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China’s smartphone price war is eating into Samsung’s profits

Samsung can thank falling phone prices in China in part for what’s to be its weakest year of profit growth in its mobile phone business since it began in 2007. On Jan. 7, the company said that operating profit fell 18% in the quarter ended in December to 8.3 trillion won ($7.8 billion) from a year earlier. Analysts predict the division will either grow by a low single digit or shrink in 2014.

Competition to win over the Chinese smartphone market, the world’s largest, is devolving into a price war that is shrinking the profit margins of smartphone makers like Samsung. Sales in China account for 20% of the company’s total shipments and its mobile business makes up almost two thirds of Samsung’s operating profits.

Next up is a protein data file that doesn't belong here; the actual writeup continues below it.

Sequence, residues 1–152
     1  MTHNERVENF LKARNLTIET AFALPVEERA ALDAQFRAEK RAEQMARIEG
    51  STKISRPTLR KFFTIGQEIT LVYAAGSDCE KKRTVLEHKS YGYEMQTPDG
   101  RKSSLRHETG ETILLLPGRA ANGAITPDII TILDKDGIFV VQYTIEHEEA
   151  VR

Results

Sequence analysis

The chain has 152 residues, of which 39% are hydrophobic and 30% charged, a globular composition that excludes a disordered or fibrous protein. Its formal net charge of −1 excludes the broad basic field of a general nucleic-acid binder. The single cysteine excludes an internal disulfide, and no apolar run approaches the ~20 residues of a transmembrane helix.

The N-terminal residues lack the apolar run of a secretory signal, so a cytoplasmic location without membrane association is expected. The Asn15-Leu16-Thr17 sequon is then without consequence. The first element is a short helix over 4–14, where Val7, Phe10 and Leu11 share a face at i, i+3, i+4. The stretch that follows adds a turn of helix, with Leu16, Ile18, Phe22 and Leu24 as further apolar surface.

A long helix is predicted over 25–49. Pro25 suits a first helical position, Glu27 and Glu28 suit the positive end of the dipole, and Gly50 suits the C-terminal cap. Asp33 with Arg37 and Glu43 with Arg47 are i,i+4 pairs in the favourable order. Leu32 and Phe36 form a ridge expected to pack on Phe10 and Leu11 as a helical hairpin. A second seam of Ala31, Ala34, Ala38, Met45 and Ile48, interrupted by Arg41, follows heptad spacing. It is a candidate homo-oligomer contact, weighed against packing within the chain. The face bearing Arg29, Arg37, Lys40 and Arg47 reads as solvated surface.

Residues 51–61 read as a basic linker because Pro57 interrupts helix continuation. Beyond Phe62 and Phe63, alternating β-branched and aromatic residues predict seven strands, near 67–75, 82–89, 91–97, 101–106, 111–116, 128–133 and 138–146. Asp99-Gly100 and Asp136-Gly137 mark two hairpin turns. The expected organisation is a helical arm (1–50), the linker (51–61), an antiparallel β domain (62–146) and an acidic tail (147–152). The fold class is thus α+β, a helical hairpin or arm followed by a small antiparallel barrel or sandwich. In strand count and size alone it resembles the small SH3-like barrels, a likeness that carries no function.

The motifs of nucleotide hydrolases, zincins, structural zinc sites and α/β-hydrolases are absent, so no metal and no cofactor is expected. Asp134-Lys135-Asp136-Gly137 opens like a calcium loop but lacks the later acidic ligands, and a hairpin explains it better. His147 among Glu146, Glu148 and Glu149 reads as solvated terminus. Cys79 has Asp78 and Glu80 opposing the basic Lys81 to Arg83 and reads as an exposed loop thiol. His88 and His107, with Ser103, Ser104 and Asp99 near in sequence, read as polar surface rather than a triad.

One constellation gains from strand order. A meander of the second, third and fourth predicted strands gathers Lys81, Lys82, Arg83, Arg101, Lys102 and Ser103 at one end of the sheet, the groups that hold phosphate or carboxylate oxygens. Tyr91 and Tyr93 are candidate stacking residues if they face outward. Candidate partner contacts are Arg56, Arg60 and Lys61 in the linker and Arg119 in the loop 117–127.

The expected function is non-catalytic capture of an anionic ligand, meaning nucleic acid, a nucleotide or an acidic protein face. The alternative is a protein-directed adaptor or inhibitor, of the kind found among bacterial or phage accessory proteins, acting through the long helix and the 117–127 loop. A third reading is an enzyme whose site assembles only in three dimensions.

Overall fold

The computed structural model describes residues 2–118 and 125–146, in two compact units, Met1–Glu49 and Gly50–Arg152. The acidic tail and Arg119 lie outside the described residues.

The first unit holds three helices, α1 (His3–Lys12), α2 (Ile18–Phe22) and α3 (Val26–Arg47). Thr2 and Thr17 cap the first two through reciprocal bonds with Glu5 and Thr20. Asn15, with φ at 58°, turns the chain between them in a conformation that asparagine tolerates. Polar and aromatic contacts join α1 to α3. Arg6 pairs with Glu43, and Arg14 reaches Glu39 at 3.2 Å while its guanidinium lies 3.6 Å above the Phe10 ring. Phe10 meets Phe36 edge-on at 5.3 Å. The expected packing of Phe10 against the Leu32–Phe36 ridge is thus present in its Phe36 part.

Because of emerging markets like China the global average price of smartphones has fallen about 16% since 2011 to $372 in 2013. Today, most low-to-mid-range smartphones in China—where most can’t afford a $700 iPhone—cost below 1,000 yuan (about $165), and companies are racing to go lower.

At the end of 2013, Huawei priced its new budget smartphone, the Honor 3C, one yuan lower than its rival Xiaomi’s similar phone, the Hongmi, priced at 799 yuan. Last week, Xiaomi announced it’s selling the Hongmi for 100 yuan cheaper. Samsung is shifting phone production from China to cheaper Vietnam and has said it’s investing in more mass market smartphones for emerging markets. (At the high-end, Samsung will face more competition from Apple’s iPhone that China Mobile, the country’s biggest carrier, will start offering later this month.)

The situation isn’t likely to get better for phone makers. Chinese handset manufacturers like ZTE, Lenovo, Coolpad as well as Huawei have reportedly piled up huge inventories of phones that need to be sold. At least Chinese shoppers can expect a deluge of promotions this Chinese New Year.

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